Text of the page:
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'There is truly no reason to die from cholera but 9,000 people have since 2010'

And there’s been a 190% increase in the disease in Haiti this year.

THERE IS TRULY no reason to die from cholera but since 2010, 9,000 people in Haiti have.

As the world panicked about the horrific Ebola crisis last year, the cholera outbreak rumbled quietly on in Haiti. On top of the huge death toll, 736,000 people have been infected over the past five years.

In the first three months of 2015, there has been a staggering 190% increase in cases of the disease with more than 113 deaths.

Scenario training-30

Goal’s Gillian McKay recently accompanied the Haiti WASH team in Gressier (a rural area about two hours from the capital, Port Au Prince) as they engaged in cholera response interventions.

After recently returning from west Africa where she saw, first hand, the devastation of Ebola as she spent time virus hunting in Sierra Leone, she found a very different situation.

“It was a drastic change from Ebola, no yellow Personal Protective Equipment needed here in Haiti, but the principles of identification of cases, tracing of contacts, decontaminating of homes and educating populations for prevention applies to this situation just as it did in Sierra Leone,” she says.

“While the news the past year in terms of epidemic disease has been so focused on Ebola, we must not forget those affected by other illnesses as well, especially given that cholera, if treated quickly and appropriately with oral and IV rehydration, has an incredibly low mortality rate.

There is truly no reason to die from cholera  but weak health systems, poor road infrastructure, limited access to clean water and appropriate sanitation facilities, and poor hygiene and sanitation behaviours come together in a perfect storm whereby it has essentially become endemic in Haiti.

Cholera Treatment Centre.

Her first job in Haiti is to visit the Cholera Treatment Centre, supported by Medecins du Monde Spain, where she finds a three-year-old girl with cholera.

A trip to her home is next on the agenda.

“We arrived at the house to speak to the family and the neighbours to investigate where they get their water because cholera is waterborne,” she says. “We will test the water from their water source to see if the source is contaminated. We then decontaminate the house and yard and any neighbouring homes near-by with chlorine (to kill any bacteria on surfaces).”

Handwashing with Chlorinated water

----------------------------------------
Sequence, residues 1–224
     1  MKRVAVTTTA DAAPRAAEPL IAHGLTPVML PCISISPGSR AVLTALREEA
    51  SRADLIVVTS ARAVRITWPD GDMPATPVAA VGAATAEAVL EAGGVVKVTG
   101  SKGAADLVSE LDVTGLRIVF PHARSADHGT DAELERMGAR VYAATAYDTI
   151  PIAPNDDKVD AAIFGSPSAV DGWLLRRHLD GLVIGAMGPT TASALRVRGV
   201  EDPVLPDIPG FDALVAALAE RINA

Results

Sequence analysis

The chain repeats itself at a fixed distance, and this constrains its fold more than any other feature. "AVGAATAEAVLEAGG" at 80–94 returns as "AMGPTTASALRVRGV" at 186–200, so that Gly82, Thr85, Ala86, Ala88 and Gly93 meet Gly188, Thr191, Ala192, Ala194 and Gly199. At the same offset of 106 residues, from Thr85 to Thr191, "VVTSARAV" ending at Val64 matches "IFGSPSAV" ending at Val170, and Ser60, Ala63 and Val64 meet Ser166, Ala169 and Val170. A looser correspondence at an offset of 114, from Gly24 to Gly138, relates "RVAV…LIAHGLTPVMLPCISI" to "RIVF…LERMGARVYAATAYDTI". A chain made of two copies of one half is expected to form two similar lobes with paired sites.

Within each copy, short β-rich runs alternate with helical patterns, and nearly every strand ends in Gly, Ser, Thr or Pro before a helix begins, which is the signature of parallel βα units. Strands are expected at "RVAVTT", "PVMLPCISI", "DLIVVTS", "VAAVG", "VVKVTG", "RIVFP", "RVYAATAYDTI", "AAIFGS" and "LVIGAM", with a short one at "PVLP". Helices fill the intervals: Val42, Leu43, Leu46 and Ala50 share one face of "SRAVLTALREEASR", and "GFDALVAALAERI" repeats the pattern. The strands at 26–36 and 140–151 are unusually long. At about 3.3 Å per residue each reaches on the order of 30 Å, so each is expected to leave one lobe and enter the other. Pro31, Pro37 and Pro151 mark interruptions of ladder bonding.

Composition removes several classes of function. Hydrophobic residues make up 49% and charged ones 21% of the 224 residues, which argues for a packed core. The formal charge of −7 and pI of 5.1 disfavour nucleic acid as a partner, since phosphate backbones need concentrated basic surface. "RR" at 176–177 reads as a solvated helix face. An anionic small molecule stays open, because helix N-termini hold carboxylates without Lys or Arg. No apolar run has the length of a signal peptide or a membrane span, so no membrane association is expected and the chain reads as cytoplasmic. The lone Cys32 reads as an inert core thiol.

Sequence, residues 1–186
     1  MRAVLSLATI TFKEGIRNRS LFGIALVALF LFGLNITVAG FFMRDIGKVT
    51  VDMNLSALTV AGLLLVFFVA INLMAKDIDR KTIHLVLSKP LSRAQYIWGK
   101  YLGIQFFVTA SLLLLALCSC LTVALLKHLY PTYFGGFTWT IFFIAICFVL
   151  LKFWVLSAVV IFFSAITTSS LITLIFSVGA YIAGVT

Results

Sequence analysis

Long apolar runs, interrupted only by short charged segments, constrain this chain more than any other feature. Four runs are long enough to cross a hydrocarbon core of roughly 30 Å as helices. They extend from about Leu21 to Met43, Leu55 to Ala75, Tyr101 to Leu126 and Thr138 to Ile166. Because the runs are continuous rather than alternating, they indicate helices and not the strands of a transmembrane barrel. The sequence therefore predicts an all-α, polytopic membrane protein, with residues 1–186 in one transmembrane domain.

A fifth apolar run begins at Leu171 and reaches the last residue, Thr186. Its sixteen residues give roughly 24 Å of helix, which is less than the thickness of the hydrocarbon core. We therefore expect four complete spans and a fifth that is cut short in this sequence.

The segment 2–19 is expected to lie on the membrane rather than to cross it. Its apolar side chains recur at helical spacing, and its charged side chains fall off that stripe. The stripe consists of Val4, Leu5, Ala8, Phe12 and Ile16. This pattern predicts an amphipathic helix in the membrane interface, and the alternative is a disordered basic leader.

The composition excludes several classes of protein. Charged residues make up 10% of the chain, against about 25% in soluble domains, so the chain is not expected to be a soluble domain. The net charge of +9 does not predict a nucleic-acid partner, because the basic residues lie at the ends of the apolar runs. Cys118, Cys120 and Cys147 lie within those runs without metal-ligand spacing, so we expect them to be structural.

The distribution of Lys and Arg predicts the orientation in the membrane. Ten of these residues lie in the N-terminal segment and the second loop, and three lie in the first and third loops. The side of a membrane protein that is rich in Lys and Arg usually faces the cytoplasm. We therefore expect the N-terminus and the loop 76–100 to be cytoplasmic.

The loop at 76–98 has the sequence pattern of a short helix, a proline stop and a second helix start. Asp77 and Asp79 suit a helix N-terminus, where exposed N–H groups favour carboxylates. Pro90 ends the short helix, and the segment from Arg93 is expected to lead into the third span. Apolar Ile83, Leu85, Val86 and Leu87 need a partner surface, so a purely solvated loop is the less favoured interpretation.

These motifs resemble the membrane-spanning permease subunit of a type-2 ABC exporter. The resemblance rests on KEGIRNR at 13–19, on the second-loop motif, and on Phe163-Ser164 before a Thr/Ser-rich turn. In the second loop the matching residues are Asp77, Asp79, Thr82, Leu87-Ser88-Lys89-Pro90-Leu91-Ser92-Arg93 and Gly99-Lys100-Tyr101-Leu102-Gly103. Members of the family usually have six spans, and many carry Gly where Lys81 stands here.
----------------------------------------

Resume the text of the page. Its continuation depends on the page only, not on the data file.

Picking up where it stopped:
Back at the treatment centre, there are about 25 more people being cared for by a team of Haitian health workers.

“The place smelled of chlorine, which is used to kill the bacteria on surfaces. There we are able to get information on who was admitted with confirmed cholera in the last couple of days so we can coordinate follow-up at the homes of those infected,” she explains.

“We also deliver a cholera care kit to families that includes water filter, chlorine tabs, soap, Oral Rehydration Solution and to provide health education on prevention and early treatment.

“The family and neighbours [of the young child] were very receptive to the teaching that was provided by the GOAL team, and they promised us that they would treat their water and set up a place for family members to wash their hands after going to the bathroom or working in the fields.”

Spraying often touched areas Source: Goal

The UN estimates that there are about a thousand new cases of cholera being recorded each week in Haiti.

The UN coordinator Pedro Medrano worries that years of work to beat back the disease are in jeopardy as donors turn away from the emergency.

“Unfortunately because of lack of resources and of the rainy season, in the last six months we have moved from a thousand new cases a month to almost a thousand a week,” he told AFP.

The UN official predicts more than 50,000 new cases this year, up from 28,000 last year, the lowest level since the outbreak began in October 2010.

Left unchecked, the epidemic could spread to neighboring Dominican Republic or Cuba, Medrano also warned.

With reporting by AFP

Read: UN peacekeepers ‘traded food and medicine for sex’

Column: Rebuilding a shattered country – Haiti, five years later

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